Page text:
Now that most of the shouting is over and something of a resolution has been reached, we seem to have entered a quiet period in relation to the European unitary patent and unified patent court.
Spain and Italy’s earlier legal challenges were rejected in April by the Court of Justice of the European Union (CJEU). Spain still has some legal challenges being heard, but if they’re unsuccessful (opinion is split on the likely outcome), there’ll be nothing but details left to be worked out. That said, there are a huge number of details.
When might the Unitary Patent come into force?
The system cannot come into effect until at least 13 countries (including France, Germany and the UK) ratify the Agreement on a Unified Patent Court. Of the three compulsory members, France appears most likely to ratify first. The UK will likely be next. Germany’s elections later this year are likely to set back its ratification of the Agreement until well into next year at the earliest. It’s not clear that a further 10 countries are in any particular hurry to ratify – those with longer memories within the patent profession will recall that it took nearly a decade for the London Agreement to be ratified by sufficient signatories to bring it into force.
An interesting point arises in relation to ratification: the Agreement automatically comes into force once 13 countries (including France, Germany and the UK) ratify. A unitary patent granted at that time, however, will only have effect in the countries that had ratified at the time of grant. That means that only 13 countries are likely to initially be available. At that time, validation will need to be separately performed in other non-ratifying signatory countries, and separate renewals paid going forward. Countries that ratify later will not be added to the list of countries covered by a granted unitary patent. There will likely be a long transition – of perhaps several years – during which the specific countries covered by a unitary patent will need to carefully be checked when making validation decisions, and again when considering litigation.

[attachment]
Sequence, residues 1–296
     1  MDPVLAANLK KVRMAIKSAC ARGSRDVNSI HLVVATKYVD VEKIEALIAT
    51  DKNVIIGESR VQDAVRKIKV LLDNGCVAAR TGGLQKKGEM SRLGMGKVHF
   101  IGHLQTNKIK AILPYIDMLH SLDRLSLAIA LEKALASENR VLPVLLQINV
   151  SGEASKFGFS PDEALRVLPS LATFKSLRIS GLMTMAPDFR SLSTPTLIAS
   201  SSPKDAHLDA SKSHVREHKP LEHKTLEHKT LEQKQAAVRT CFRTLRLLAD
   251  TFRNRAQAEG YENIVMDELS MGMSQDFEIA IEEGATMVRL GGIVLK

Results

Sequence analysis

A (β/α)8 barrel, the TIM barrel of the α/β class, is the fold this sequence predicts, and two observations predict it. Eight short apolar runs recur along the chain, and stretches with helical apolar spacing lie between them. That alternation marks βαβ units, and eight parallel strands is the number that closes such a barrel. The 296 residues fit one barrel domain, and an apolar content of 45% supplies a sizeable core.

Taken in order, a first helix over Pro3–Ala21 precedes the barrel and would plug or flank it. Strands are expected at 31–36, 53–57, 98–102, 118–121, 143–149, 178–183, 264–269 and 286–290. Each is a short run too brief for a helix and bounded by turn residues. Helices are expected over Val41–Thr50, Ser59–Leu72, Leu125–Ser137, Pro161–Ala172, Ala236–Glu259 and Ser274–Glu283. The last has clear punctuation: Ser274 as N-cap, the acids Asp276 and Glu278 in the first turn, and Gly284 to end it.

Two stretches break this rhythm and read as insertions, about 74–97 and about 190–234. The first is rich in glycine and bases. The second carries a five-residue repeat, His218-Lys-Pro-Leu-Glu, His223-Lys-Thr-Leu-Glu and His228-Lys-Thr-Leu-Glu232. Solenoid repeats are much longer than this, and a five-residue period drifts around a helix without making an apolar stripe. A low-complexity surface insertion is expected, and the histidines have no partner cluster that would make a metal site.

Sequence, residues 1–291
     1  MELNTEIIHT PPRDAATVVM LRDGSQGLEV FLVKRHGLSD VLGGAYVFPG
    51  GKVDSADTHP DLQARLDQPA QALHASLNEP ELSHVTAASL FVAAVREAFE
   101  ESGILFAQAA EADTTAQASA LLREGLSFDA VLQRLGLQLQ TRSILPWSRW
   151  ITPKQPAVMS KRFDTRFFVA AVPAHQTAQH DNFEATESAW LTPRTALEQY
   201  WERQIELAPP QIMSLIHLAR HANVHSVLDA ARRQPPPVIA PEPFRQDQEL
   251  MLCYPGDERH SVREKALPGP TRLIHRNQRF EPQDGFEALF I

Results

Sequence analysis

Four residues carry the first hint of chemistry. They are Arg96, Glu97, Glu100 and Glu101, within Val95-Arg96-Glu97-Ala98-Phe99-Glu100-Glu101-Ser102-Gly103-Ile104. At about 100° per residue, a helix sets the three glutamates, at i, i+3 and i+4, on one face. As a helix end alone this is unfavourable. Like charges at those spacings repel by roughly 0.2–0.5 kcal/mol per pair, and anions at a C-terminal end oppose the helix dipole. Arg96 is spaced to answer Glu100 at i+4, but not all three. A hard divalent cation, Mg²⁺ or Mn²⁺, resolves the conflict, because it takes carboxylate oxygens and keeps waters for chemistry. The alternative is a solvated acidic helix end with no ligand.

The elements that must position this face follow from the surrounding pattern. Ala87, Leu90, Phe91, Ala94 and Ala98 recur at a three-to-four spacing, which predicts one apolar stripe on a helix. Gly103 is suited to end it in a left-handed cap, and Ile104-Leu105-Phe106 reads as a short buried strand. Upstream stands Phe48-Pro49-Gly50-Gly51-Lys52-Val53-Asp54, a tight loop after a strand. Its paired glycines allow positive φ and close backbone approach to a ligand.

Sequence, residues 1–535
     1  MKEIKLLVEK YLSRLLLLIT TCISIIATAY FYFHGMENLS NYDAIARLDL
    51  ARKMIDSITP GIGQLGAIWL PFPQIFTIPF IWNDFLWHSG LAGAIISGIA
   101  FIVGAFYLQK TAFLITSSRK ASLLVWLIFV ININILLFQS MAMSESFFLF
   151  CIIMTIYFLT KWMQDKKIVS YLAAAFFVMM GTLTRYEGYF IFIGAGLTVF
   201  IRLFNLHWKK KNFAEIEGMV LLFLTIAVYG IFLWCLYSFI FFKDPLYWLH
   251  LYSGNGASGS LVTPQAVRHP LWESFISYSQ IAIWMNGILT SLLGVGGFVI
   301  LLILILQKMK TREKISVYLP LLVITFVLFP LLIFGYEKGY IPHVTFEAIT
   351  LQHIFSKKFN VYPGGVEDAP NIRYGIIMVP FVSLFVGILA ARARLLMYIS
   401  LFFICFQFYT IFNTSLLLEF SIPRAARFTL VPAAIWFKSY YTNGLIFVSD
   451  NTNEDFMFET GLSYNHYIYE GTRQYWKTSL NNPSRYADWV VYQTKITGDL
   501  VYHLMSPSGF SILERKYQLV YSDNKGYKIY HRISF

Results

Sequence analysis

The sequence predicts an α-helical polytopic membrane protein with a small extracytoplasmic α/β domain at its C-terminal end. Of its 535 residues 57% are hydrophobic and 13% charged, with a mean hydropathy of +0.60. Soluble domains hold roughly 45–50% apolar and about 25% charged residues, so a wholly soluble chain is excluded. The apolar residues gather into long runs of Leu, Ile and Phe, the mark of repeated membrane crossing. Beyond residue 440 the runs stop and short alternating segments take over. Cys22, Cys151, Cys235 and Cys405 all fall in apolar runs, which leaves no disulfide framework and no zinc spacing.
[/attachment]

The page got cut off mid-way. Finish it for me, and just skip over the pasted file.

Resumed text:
This issue also further erodes the potential financial advantages for applicants wanting to validate broadly, at least until all (or nearly all) of the signatories have ratified the Agreement.
These are still being negotiated, but it’s presently expected that the cost of renewing a unitary patent will exceed the cost of renewing in 10 average countries. That’s a lot higher than initially expected and yet further erodes the cost advantage associated with reduced translations.
Yet another cost issue arises when an applicant wants protection in only a modest number of countries, especially when most of those are London Agreement countries with no translation requirements (or just a requirement that the claims be translated). As noted on Delta Patent’s unitary patents blog, taking the unitary patent route for a typical application being validated in just France, Germany and the UK gives more than a six-fold increase in translation costs. The likely high cost of unitary patent renewal fees makes this avenue increase the relative costs even more.
For those interested in the detail, an official website has been launched dedicated to the unified patent court: http://www.unified-patent-court.org/
It seems that the unitary patent is now inevitable. However, it is increasingly clear that whether to choose the unitary patent option will need careful case-by-case analysis, based on the applicant’s specific needs and objectives.